The Fiji Education Commission 2000

Recently, some students made some interesting comments on the blog that I'm maintaining for their course. This is a course in which there are many experienced 'in-service' teachers, ie those that are already teaching and they are upgrading their qualifications. 

Some of these comments were related to the apparent inability of the Fiji Ministry of Education to listen to the actual teachers who were 'on the ground'. 

That reminded me of an incident that happened over a decade ago (eeeek! how did that decade slip by so quickly?) which as the Fiji Education Commission of 2000. The previous education commission had occurred (I believe) in 1969, ie prior to Fiji's independence. That's a long time to not have the state of the country's national educational system appraised or gone over. However, it was an attempt at the time to try and redress the apparent lack of consultation between not only the Ministry and the teaching staff, but also the general public.

At the time I was employed at the University of the South Pacific in the 'Education & Psychology Department' (now defunct). I was in the psychology section of this hybrid department, but obviously I rubbed shoulders with the education colleagues. The department was invited to make a submission to the Fiji Commission and I sat in these departmental meetings, but realised quite quickly that I wasn't really in favour of the tenor or tone of the submission as it was being formulated. 

However, as part of a total immersion language programme, I had spent time in rural primary schools in the island of Koro, in the Lomaiviti group of islands in Fiji. My hosts were the families of the Principles of each of the primary schools there. They were incredibly gracious in putting up with me and my stumbling efforts to learn Fijian (not really that advanced I'm afraid). However, all the principles, without exception, were keen to share with me their experiences and frustrations in running and teaching their beautiful schools. 

These impressions and experiences led me to consider putting my own submission into the Education Commission. In it, I essentially summarised what I considered to be the main points that were driven home to me by the Principles of these schools. I was an unofficial chronicle of these thoughts, although I admit to heavily overlaying these thoughts with my own ideas of what should be the reforms of a 21st century education system.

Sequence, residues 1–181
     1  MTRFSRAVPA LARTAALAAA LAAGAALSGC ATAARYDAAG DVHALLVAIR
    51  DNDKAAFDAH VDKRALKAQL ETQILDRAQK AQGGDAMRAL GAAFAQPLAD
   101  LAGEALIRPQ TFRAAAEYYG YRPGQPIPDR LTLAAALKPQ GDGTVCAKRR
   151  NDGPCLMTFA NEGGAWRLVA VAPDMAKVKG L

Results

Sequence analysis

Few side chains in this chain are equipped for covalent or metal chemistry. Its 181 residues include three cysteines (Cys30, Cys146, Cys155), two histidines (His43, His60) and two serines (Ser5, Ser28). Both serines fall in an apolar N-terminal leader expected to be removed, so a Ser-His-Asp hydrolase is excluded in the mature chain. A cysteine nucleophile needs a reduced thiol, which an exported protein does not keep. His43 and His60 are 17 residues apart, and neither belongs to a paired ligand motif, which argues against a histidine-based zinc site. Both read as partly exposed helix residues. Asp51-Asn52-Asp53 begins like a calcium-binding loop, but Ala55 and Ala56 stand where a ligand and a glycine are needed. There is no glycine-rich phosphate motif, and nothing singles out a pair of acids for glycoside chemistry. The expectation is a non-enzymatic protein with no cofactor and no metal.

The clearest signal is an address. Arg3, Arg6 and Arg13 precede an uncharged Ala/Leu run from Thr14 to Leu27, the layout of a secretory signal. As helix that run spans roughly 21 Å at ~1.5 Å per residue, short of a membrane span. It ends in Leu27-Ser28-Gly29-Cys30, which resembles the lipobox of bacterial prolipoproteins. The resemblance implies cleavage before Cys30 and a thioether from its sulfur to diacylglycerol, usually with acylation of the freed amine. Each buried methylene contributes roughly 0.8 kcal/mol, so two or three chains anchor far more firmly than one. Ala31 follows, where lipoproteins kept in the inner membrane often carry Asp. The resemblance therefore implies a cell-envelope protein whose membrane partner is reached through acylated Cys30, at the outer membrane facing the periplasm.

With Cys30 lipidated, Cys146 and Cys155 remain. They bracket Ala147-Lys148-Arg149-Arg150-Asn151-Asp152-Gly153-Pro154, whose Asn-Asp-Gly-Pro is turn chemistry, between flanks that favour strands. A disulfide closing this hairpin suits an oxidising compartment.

After the comments from the students on the recent course, I revisited the report I submitted and find that broadly speaking, the issues are still as pertinent today as they were over a decade ago.

What has happened of course since then, is that I've been a co-founder of a school that is actually implementing the very same suggestions. Of course it's no surprise that there should be an overlap but nevertheless, it is sort of spooky to see how thoughts of 11 years ago are still whispering events into existence today.

I thought I'd make the reports available. The actual submission is about 6 pages long. I've reformatted it (I don't have the original software in which I wrote the letter), so I can't say it's exactly the same as it would have been received by the commission at the time.

I also included excerpts from three chapters from a book that I was reading at the time "Howard Gardner (1993) Multiple Intelligences: The theory in practice. Basic Books New York. ISBN 0-465-01821-1, as a set of three appendices. They are a bit technically heavy but I guess it is important to know what I was reading and thinking about when writing my submission to the commission.

  • My submission
  • Appendices

Education is a progressive discovery of our own ignorance.  -Will Durant